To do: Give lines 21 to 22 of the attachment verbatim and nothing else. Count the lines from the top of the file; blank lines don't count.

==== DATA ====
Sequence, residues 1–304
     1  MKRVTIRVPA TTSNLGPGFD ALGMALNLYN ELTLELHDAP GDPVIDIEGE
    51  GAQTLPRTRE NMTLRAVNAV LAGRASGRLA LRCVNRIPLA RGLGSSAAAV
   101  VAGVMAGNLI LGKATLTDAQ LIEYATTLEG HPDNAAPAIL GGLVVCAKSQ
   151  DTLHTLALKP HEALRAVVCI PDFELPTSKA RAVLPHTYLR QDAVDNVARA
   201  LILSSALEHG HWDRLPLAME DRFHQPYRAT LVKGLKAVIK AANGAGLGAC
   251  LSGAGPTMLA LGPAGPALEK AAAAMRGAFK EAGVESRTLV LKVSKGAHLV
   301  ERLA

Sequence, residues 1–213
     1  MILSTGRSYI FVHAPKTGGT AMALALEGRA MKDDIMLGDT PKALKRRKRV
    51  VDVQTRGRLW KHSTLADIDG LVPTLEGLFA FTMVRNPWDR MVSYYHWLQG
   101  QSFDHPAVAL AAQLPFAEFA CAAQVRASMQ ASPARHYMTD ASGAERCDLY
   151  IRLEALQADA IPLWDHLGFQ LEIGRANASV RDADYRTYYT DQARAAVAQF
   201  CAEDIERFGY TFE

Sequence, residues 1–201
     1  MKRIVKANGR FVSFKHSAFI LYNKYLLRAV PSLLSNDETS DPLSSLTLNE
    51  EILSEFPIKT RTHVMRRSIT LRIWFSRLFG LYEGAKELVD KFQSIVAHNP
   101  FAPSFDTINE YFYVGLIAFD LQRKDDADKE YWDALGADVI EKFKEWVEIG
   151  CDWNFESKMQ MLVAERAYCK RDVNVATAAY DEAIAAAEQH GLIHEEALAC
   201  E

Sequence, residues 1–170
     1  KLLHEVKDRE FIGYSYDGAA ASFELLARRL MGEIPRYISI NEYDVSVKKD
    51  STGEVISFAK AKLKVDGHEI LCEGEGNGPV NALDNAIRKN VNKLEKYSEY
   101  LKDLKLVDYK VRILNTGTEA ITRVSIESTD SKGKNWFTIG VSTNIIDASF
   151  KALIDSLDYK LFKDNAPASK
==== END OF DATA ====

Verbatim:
Sequence, residues 1–170
     1  KLLHEVKDRE FIGYSYDGAA ASFELLARRL MGEIPRYISI NEYDVSVKKD